About MAC: A Few Artists' Opinions & Experiences

   Lately a few makeup artists and myself have been discussing the decline in quality of MAC products in the recent years. The pigmentation of eyeshadows and shedding brushes are the two things I've personally experienced from this downfall of the once professional brand. MAC was once the brand professionals flocked to for their quality, now its forgotten its roots and taking advantage of the consumer makeup world. 

   I've spoken to many artists and of course, got mixed reviews. This is where I will throw my disclaimer out:

If it works for you and you like it, that is fine! If it does not work for you and you do not like it, that is fine too! These are just experiences of fellow makeup artists.

   Many who were not happy with the brand agreed on the fact it all started when Esteé Lauder acquired the company in 1998. The most prominent complaint I heard was how their brush quality declined tremendously after the acquisition. Brushes that formerly were made strictly in France with wonderful quality are now made in China, Japan, USA and France but clearly in a mass-produced way that avoids the quality control it used to have. I myself have experienced this with about 90% of MAC brushes I own! The shedding is what really bothers me more than anything, and I've had some of my MAC brushes for 7+ years, which is post-aquisition. The only success I've had with more recent brush purchases from them is the 217 brush, which hasn't failed me YET. As for all of the other brushes I've purchased in the last few years, they are shedding, some much more than others. 

   Another issue that came up was their eyeshadow quality, and is where I got mixed reviews the most. The long and short of it was really the pigmentation. Mainly the inconsistency of pigmentation with batches of the same color, and certain colors in general that just did not deliver. One artist mentioned the milling, pigments used and overall quality of eyeshadows, as well as the rest of their product line. A former MAC employee even agreed on the declining quality of their products, training and skilled artists, which was a repercussion of the acquisition in their opinion. 

   This is a quote from an article than one artist shared:

Estee Lauder Buys Remaining MAC Equity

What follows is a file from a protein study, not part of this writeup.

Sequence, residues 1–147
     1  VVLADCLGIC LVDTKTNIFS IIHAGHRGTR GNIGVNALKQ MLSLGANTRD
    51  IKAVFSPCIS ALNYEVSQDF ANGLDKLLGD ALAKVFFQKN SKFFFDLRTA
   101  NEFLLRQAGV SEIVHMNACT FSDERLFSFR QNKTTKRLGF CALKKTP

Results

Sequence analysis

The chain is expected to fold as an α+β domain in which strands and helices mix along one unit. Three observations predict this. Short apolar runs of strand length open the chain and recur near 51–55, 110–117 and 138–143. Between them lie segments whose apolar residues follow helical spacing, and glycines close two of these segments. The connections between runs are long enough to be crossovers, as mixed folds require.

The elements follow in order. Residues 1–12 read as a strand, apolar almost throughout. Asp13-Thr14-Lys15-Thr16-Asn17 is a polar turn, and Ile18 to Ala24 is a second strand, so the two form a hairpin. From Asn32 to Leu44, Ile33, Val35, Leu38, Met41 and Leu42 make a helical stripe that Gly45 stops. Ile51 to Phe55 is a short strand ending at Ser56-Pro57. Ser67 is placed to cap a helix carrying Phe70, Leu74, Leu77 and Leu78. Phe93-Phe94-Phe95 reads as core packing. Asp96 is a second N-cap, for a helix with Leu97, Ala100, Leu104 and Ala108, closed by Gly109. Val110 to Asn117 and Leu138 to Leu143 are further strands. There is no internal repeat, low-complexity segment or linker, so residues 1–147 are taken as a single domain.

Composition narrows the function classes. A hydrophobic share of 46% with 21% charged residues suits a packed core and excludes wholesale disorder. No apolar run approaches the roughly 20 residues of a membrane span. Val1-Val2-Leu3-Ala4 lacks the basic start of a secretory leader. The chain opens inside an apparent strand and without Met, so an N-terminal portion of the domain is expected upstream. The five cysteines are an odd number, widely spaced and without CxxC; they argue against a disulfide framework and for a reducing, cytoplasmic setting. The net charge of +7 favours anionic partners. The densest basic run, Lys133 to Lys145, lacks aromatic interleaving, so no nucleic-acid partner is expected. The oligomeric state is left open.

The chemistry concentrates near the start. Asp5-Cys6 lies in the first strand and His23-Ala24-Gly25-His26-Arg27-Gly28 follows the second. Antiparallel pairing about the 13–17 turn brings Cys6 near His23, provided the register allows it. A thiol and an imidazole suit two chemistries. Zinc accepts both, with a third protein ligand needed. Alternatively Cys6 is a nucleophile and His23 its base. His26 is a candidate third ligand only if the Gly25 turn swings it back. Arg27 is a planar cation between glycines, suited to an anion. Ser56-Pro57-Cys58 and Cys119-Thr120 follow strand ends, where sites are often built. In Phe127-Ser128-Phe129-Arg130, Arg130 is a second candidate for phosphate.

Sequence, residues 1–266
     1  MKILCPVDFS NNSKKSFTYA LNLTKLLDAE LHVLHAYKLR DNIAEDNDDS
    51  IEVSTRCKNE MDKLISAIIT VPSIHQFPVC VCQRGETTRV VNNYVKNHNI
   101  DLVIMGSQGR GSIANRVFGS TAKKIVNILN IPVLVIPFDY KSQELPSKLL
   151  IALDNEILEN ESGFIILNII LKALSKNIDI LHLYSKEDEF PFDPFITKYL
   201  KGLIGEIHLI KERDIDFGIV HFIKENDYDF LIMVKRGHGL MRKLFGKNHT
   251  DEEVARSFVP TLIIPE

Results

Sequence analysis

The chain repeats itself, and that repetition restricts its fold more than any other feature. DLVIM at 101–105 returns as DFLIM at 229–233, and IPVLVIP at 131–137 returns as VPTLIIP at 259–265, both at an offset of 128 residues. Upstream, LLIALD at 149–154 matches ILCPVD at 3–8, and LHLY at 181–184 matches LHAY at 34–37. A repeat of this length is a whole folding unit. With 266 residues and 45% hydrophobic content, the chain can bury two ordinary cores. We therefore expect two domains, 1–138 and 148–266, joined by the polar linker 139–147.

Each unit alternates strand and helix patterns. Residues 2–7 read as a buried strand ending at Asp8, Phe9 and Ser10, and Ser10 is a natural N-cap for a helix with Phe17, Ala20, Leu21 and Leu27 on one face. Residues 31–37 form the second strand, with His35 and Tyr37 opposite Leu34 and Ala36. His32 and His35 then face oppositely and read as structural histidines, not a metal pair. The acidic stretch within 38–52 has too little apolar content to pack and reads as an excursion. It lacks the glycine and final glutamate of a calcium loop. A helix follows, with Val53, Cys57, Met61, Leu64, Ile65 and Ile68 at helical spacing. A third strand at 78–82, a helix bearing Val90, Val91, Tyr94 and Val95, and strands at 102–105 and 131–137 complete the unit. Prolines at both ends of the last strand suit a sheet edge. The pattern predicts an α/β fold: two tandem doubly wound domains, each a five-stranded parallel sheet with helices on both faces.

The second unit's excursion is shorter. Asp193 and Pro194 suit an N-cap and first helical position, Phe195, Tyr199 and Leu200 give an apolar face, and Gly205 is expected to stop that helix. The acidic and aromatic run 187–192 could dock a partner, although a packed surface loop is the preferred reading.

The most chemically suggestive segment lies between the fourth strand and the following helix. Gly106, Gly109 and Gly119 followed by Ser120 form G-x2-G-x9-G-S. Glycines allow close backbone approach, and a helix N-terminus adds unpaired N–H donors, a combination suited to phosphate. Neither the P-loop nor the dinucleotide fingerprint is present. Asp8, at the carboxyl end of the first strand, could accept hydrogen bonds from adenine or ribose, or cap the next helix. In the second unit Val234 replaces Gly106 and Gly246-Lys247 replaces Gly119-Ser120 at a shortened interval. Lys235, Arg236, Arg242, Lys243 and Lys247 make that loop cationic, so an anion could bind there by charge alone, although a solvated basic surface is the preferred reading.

February 28, 1998 Diane Seo

Estee Lauder Cos. acquired the remaining equity interest of Make-Up Art Cosmetics, a growing Toronto-based beauty brand that has been widely embraced by the urban chic. Although the deal had been expected, it occurred earlier than some analysts had predicted. The New York-based Estee Lauder had acquired 51% of MAC in 1994, then increased its ownership to 70% in March 1997. Terms were not disclosed. MAC founder Frank Toskan, who will remain head of MAC, was unavailable for comment. But during an interview with The Times in December, Toskan said MAC needed Estee Lauder's marketing muscle to expand globally. As the owner of several cosmetics companies, including Clinique, Prescriptives, Origins and Aveda, Estee Lauder is well-known for preserving the uniqueness of each brand. For that reason, analysts do not expect major changes at MAC. Estee Lauder shares rose 31 cents to close at $58.50 on the NYSE.

   On a positive note, I will say that there are some products from MAC that I really do like! Pro Longwear Paintpots being one of them, I keep 4 matte finishes in flesh tones in my kit at all times. Their lip products are also something that has yet to fail me, I love their color selection of lipliners and their lip primer is great underneath liquid matte lipsticks. I would also like to say to the artists that swear by the products a lot of us have had issues with, that is AWESOME. I hate being disappointed, and I'm very happy to hear you all aren't! This post was not intended to bash or hate MAC, it was to shed light on the decline of what it was intended purpose was from the beginning of its existence.